Use Antibiotics Wisely

There is a lot of misinformation among the public about infections and antibiotics. At After Hours Pediatrics Urgent Care, we are focused on antibiotic stewardship. Our goal is to teach families to use antibiotics wisely to help maximize effectiveness as well as decrease complications related to indiscriminate antibiotic use.

 

First and foremost, it’s important to know that antibiotics only treat bacterial infections. They do not work on viral infections, which are the cause for most fevers in children. If antibiotics are given when they’re not needed, the patient can experience unwanted side effects and allergies to medication, not to mention lost time and cost. Over time, antibiotic overuse contributes to bacteria changing and no longer being resistant to standard antibiotics that are used to treat ailments, such as tuberculosis, MRSA or ear infections.

 

Types of antibiotics

There are three general types of antibiotics.

  • Bacterial antibiotics come in oral, shot and cream/ointment form.
  • Antivirals treat limited types of viruses and are given in oral and ointment form.
  • Antifungals are used to treat yeast and fungi, in cream, ointment or oral form.

 

As we mentioned, most childhood fevers are caused by viruses, but there are times when children have bacterial infections that need to be treated with antibiotics. Here are the most common examples:  

  • Ear infections with pus behind the ear drum(s)
  • Sore throat testing positive for strep
  • Urinary tract infections with positive urine tests
  • Pneumonia, with or without chest X-rays
  • Skin infections: impetigo, cellulitis, abscesses

 

Your child’s pediatrician will use a combination of medical history, physical exam, tests and knowing what infections are currently in the community to know when to prescribe antibiotics for your child.  

 

Antibiotic Overuse

There are common instances when children and adults alike are unnecessarily prescribed antibiotics. Here are the most common illnesses that often result in unnecessary antibiotic treatment:

  • Short-term viral upper respiratory infections, even with yellow or green mucus
  • Viral respiratory infections in the chest that cause a bad cough (“bronchitis”)
  • Bronchiolitis in infants
  • Sore throat without a positive strep test or with a negative strep test
  • Ear “infections” with only clear fluid behind the ear drum(s)
  • Conjunctivitis (“pink eye”)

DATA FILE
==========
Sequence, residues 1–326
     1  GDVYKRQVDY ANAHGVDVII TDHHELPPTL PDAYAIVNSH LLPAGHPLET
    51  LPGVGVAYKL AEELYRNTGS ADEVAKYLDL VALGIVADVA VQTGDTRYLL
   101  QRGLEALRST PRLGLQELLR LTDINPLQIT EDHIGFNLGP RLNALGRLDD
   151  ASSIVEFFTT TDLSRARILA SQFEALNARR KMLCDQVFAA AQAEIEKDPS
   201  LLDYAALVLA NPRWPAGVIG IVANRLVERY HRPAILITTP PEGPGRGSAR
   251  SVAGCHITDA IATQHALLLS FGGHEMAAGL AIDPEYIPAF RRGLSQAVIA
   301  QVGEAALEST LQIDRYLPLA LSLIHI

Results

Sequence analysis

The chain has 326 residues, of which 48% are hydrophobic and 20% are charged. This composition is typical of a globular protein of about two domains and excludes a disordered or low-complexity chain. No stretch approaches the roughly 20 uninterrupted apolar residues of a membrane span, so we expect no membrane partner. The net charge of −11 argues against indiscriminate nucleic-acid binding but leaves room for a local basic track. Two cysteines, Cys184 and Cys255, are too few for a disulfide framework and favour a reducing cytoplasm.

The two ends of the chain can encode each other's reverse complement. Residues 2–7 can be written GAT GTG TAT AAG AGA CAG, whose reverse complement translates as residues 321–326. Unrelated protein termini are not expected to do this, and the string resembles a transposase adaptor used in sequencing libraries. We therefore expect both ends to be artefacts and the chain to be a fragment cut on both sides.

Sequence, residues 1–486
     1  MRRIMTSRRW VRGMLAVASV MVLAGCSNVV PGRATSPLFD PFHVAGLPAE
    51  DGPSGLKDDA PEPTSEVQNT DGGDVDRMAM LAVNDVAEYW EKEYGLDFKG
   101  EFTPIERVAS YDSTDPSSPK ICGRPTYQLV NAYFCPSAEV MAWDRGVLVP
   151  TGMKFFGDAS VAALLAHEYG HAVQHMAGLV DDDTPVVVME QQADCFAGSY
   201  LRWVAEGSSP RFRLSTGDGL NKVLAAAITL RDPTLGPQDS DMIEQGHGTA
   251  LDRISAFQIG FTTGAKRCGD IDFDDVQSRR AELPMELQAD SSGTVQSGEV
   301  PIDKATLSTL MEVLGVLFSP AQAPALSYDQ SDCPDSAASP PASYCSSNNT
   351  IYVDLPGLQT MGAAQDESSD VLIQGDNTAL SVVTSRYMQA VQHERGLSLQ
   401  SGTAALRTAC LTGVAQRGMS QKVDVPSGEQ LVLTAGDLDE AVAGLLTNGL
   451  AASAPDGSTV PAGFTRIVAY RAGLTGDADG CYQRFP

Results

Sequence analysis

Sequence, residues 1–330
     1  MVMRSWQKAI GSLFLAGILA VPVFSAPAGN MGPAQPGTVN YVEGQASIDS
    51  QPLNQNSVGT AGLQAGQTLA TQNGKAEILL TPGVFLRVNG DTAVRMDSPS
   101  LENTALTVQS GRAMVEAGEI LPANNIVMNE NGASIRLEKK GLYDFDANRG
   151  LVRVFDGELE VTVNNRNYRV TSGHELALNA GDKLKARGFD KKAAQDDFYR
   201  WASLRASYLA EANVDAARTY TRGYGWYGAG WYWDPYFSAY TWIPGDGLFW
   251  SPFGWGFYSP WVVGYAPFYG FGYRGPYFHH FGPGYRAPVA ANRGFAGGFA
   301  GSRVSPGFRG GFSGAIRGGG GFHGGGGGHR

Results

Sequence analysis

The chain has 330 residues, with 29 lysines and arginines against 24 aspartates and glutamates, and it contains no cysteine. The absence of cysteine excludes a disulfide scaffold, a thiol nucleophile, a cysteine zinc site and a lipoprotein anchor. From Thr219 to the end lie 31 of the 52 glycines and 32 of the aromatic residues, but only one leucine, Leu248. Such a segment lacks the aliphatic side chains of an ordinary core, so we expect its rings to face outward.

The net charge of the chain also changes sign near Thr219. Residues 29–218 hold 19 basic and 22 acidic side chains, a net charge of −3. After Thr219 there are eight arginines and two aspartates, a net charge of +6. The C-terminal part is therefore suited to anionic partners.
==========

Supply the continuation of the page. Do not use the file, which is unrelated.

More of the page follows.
• Fever alone

 

If your child is prescribed an antibiotic for a bacterial infection, and the appropriate antibiotic is used, there should be a noticeable improvement within 24-72 hours. If your child has started an antibiotic, here’s what you should be aware of:

  • Antibiotics will NOT stop fever until the infection is being adequately treated.
  • If your child isn’t feeling better within 3 days or is getting much worse, it might be the wrong antibiotic OR the infection might be viral and will get better on its own, in its own time.
  • If your child starts getting better in less than 24 hours of starting antibiotics, it’s most often not because of the medication, but because they were going to get better anyway.

 

When you bring your child to their pediatrician, you may receive a prescription for an antibiotic, but with instructions to hold off on starting the treatment until after following your child’s symptoms for a bit longer. In this case, it may not be clear whether the symptoms and signs are due to a bacterial infection, local inflammation or viral infection, and it keeps the family from needing to visit the doctor’s office again if symptoms don’t improve.

Please discuss appropriate antibiotic use with your medical caregivers. At After Hours Pediatrics Urgent Care, our pediatricians are familiar and compliant with current medical standards and will only prescribe antibiotics in appropriate situations as part of our effort to protect your child, as well as general public health.

 

Lou Romig MD, FAAP, FACEP, Medical Director

After Hours Pediatrics Urgent Care

 

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